McCain Dismisses Iraqi Idea of Troop Withdrawal

Jul 8, 2008

Michael Cooper

The New York Times

PITTSBURGH — The Iraqi government's decision to raise the possibility of making a scheduled withdrawal of American troops a part of an agreement on their future status in Iraq poses special complications for Senator John McCain, whose opposition to a timetable for withdrawal is central to his candidacy.

During a stop at Primanti Brothers, a Pittsburgh sandwich shop famous for stuffing French fries into its sandwiches, Mr. McCain sounded a dismissive note when asked about the latest statements by the Iraqi prime minister, Nuri Kamal al-Maliki.

Mr. McCain said it was the same as when Iraqi officials said recently that they doubted an agreement with the United States could be struck over the status of American forces. "Prime Minister Malki, is, has got his, he is a leader of a country,' Mr. McCain said, according to a pool report. "And I am confident that he will act, as the president and foreign minister have both told me in the last several days, that it will be directly related to the situation on the ground, just as they have always said. And since we are succeeding and then I am convinced, as I have said before, we can withdraw and withdraw with honor, not according to a set timetable. And I'm confident that is what Prime Minister Maliki is talking about since he has told me that for the many meetings we have had."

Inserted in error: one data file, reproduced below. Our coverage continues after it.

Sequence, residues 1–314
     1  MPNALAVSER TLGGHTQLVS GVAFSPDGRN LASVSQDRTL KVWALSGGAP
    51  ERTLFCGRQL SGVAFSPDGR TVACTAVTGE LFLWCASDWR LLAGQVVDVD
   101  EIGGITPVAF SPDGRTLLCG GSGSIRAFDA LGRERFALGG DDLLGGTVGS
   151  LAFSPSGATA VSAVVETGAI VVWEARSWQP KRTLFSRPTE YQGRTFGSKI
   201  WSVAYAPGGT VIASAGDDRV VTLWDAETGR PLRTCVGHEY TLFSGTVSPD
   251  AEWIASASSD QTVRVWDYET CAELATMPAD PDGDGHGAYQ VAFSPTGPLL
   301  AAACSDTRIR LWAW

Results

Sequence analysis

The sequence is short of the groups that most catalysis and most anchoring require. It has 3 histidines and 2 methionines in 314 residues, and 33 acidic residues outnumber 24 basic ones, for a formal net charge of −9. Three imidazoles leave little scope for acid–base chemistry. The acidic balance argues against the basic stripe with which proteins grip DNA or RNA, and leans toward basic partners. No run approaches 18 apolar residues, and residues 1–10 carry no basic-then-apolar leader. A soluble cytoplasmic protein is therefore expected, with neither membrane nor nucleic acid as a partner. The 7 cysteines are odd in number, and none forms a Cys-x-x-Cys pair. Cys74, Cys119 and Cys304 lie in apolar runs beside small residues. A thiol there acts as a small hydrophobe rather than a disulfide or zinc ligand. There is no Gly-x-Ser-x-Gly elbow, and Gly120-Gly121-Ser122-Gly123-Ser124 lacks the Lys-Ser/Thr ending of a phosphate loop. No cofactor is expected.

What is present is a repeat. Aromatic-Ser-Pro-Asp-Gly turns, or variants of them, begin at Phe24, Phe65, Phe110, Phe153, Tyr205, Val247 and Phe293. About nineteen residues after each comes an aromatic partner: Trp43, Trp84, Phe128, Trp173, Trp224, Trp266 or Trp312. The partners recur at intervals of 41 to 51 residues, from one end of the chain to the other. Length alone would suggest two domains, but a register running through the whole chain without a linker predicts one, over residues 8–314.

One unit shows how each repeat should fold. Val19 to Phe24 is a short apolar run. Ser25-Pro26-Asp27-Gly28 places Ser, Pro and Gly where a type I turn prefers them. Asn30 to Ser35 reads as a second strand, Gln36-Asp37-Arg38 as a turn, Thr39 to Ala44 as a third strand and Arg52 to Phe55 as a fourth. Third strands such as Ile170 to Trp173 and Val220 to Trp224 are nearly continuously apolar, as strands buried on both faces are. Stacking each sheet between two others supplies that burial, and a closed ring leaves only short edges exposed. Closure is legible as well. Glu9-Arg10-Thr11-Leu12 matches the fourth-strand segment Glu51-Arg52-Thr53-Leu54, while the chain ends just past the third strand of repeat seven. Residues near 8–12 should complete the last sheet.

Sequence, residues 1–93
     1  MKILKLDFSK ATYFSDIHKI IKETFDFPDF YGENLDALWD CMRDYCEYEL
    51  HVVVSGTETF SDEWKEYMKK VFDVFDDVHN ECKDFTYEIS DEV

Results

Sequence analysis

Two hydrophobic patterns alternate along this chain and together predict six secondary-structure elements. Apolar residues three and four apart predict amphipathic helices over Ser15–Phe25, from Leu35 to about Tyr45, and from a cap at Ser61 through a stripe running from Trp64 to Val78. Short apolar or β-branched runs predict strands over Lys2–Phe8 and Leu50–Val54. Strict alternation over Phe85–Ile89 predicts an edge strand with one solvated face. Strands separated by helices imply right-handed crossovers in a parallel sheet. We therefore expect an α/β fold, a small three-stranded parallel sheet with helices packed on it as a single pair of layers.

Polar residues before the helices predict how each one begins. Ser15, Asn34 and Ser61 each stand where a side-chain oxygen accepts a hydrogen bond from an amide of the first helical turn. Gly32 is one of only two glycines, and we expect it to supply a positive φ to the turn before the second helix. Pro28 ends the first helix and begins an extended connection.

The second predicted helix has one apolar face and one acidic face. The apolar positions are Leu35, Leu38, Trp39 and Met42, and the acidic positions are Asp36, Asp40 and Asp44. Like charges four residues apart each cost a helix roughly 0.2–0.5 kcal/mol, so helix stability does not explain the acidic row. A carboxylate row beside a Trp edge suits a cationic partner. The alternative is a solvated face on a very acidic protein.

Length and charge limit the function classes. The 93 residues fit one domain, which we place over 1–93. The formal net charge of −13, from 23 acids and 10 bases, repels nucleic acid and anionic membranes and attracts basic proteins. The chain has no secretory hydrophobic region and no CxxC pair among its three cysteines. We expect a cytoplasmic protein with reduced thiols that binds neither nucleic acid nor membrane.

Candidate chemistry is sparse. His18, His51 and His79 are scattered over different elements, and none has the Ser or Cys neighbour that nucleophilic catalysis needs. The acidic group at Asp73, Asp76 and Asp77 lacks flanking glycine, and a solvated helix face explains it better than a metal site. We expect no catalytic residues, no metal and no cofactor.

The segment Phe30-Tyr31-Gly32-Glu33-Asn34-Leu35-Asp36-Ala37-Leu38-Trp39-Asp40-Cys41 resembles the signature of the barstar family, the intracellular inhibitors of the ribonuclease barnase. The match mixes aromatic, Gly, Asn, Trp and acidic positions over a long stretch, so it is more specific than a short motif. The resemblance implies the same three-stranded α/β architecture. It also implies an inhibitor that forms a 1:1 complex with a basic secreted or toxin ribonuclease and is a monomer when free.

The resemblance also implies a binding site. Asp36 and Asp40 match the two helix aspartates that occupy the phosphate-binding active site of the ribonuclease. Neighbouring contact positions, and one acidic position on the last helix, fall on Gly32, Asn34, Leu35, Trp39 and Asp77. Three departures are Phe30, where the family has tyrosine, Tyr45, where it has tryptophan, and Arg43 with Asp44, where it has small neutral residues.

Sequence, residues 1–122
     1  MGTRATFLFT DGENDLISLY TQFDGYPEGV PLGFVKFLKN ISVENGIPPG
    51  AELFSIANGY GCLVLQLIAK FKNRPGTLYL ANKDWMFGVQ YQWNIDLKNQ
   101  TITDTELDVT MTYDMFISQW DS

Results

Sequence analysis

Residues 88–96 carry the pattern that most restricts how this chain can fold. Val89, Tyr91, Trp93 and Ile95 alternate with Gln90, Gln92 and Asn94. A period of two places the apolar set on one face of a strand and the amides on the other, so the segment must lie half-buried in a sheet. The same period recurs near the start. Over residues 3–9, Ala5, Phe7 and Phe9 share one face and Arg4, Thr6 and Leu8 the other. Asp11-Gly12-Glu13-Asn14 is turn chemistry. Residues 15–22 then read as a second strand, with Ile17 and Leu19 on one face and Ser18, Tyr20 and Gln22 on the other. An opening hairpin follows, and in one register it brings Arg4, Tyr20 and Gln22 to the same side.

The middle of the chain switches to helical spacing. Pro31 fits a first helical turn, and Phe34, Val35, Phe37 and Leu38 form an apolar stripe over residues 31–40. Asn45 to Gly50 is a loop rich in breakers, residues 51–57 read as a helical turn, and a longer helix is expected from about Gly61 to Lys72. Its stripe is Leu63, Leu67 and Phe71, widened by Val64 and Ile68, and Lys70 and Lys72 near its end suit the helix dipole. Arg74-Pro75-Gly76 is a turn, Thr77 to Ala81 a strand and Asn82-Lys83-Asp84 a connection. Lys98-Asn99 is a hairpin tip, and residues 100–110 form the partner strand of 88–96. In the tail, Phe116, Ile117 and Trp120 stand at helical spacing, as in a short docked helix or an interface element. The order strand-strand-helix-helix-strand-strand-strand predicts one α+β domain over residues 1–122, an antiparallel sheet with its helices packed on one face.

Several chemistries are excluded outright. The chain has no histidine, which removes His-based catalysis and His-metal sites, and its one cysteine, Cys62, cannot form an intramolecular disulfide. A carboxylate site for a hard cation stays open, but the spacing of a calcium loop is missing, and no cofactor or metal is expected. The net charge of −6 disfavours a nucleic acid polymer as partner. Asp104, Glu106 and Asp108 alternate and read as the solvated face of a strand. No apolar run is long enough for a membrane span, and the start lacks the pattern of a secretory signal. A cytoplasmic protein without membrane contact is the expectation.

Asked if he thought Mr. Maliki was aiming his statements at a domestic political audience, Mr. McCain said: "I don't know. Ask him.'

The Obama campaign sent reporters a statement that Mr. McCain made in 2004 to the Council of Foreign Relations, when he said "it's obvious that we would have to leave" Iraq if a sovereign Iraqi government asked the United States to so, even if Washington was wary of the security situation on the ground there.

Susan B. Rice, a senior foreign policy adviser to Senator Barack Obama, said in a statement: "It's time for John McCain to explain why he refuses to ask Iraq's leaders to take responsibility for their own future, and why he has completely changed his own stated position that he would leave Iraq when the Iraqis ask us to. The American people need a strategy for succeeding in Iraq, not just a strategy for staying, and John McCain's stubborn refusal to adjust to events on the ground just shows that he has no plan to end this war."
At the sandwich shop in Pittsburgh, Mr. McCain was also asked about rising exports of cigarettes to Iran, a country he has often taken a bellicose stance towards.

"Maybe that's a way of killing them," he said, hastening to add: "I meant that as a joke."

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